Following are some steps you need to take when a party to a marriage or de facto relationship decides to separate.

When a party to a marriage or de facto relationship decides to separate, there are a number of steps that need to be undertaken:
Date of Separation

  • Record The Date of Separation
  • Your Will
  • Property Division
  • Parenting
  • Mediation
  • Formalising Your Agreement
  • Family Dispute Resolution
  • Court Proceedings

The first thing you should do is contact Orr Legal to get your best advice moving forward. Do not make any plans or promises before you get all the best information you can. Many people find this emotional time very stressful and can make the entire process more difficult not taking the best steps right at the start.

Record The Date of Separation

It is very important when you separate that you record the date of separation. The date of separation becomes relevant when you are applying for Divorce, as the Court needs to ensure that you have been separated for 12 months before they can grant the divorce.

Your Will

Update your will. When you separate, your circumstances have changed significantly and it is very important that you update your Will to reflect that you have separated, otherwise your spouse or de facto partner may receive an inheritance under your estate if you were to pass away.


Property Division

Seek advice regarding your entitlements to a property settlement. Depending on the length of your relationship, and whether you have joint assets, you may be eligible to claim a property settlement from your spouse or de facto partner. The Family Law Act provides guidance as to the factors required in considering what an appropriate split of the property would be. This can be a complex task, as we need to look at the assets and liabilities of the parties, the contributions of the parties and the future needs of the parties. The final agreement needs to be just and equitable.


We highly advise that you call us right away to seek advice regarding your entitlements to children’s arrangements. Often discussions in this space are in high emotion, we encourage you to take a step back get the best advice from Orr Legal so your child/children are put first.

When separation occurs, a lot of the time there is confusion as to what is appropriate arrangements for the care of the children. The Family Law Act provides for the children’s best interests to be of paramount consideration when dealing with custody issues. The Court try to maintain a meaningful relationship with both of the parents unless there is risk of harm to the child/children.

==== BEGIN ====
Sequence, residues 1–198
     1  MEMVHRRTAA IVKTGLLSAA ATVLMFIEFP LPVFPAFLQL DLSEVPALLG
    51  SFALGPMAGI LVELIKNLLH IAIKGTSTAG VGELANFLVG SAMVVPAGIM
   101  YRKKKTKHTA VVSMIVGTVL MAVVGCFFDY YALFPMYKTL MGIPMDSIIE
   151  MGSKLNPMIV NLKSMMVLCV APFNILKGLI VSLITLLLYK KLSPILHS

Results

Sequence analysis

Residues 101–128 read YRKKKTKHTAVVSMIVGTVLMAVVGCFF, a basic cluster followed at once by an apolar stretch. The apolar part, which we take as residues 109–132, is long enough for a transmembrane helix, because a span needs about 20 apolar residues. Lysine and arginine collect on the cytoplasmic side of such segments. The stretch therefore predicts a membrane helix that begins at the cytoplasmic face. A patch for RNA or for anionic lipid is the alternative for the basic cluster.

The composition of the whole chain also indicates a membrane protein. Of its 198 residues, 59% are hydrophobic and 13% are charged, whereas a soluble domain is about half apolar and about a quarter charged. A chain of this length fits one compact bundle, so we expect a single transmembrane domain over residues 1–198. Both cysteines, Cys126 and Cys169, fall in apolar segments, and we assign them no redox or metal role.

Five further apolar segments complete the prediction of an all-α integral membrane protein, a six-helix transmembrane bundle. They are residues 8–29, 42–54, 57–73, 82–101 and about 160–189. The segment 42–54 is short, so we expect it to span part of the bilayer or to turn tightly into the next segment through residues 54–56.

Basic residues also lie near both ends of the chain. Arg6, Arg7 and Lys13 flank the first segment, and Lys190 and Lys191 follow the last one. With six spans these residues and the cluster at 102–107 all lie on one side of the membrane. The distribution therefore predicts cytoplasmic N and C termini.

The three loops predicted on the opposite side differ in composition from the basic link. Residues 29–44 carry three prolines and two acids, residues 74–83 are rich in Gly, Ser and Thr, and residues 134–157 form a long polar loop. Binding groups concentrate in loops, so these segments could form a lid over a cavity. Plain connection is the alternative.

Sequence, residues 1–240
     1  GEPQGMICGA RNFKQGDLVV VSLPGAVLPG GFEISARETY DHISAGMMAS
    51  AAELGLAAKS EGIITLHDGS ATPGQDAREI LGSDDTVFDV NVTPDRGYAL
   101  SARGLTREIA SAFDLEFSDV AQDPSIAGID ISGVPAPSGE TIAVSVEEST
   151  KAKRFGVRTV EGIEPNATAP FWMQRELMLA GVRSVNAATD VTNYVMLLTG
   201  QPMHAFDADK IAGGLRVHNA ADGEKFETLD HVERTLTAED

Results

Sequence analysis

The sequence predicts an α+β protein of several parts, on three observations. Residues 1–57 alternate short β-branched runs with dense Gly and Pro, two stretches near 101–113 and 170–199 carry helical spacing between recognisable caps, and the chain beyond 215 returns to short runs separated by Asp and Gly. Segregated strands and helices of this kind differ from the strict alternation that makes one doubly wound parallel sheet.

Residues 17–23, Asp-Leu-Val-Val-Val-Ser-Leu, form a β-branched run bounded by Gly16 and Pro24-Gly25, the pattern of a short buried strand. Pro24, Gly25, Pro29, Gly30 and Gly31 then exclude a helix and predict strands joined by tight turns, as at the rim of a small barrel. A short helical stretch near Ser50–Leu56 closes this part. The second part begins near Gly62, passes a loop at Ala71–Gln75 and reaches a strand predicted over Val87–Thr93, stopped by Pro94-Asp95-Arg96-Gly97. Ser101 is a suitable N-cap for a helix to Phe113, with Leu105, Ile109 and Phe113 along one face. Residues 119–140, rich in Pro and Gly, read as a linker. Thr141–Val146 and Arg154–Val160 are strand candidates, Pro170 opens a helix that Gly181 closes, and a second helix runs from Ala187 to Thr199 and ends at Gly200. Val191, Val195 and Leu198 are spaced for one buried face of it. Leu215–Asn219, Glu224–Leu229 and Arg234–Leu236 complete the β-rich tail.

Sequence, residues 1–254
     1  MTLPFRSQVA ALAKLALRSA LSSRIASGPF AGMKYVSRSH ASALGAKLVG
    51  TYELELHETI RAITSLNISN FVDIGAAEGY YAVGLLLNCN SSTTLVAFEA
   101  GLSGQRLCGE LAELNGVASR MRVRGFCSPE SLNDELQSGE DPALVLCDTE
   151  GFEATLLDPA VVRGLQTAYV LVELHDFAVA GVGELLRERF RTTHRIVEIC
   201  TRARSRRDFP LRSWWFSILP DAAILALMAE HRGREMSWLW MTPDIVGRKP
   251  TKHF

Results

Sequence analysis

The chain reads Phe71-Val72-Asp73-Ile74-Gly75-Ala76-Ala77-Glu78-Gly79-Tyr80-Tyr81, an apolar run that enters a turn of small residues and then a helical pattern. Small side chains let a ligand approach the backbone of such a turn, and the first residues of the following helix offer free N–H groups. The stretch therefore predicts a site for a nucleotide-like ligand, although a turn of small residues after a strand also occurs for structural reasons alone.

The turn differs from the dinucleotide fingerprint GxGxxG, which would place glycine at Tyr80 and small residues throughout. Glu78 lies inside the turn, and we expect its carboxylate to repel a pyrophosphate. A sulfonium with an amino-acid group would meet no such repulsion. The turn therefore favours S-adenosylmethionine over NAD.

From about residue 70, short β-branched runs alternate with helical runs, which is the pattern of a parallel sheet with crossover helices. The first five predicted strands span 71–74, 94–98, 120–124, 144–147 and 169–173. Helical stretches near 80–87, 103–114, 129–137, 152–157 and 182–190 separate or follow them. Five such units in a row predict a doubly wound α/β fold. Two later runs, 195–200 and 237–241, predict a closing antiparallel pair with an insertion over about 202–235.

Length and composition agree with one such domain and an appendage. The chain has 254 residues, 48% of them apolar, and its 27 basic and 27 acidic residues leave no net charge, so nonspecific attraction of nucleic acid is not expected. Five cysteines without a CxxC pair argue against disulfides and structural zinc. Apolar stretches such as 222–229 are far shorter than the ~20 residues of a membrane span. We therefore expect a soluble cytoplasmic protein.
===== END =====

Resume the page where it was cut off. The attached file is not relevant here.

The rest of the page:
Engage in negotiations regarding property settlement and/or custody arrangements.
This process can include financial disclosure where the parties provide each other with information such as funds in bank accounts, credit cards, tax returns, superannuation statements and many others. This process assists in determining what the value of the pool is to distribute.

Formalising Your Agreement

If negotiations are successful, prepare Consent Orders or a binding financial agreement to formalise your agreement. These documents provide for the ending of the financial relationship between the parties and if one party is transferring the former matrimonial home into their sole name, it will provide for an exemption of stamp duty. There are many benefits to having your agreement formalised by way of Consent Orders or a Binding Financial Agreement.

Family Dispute Resolution

Engage in the process of Mediation. The process of Mediation can be done privately or through a Government body, such as Family Relationships Australia.
The process of Mediation involves an independent third party who assists the parties to find solutions to issues and resolve their disputes indefinitely.


Court Proceedings

If Mediation is unsuccessful, initiate court proceedings. Sometimes parties have no choice but to commence legal proceedings. If you have gotten to this stage and have not contacted us to discuss this process it is imperative that you call Orr Legal right away. You can also use our Contact Us page but please do not move to court proceedings before you get the best advice you can in the Newcastle area.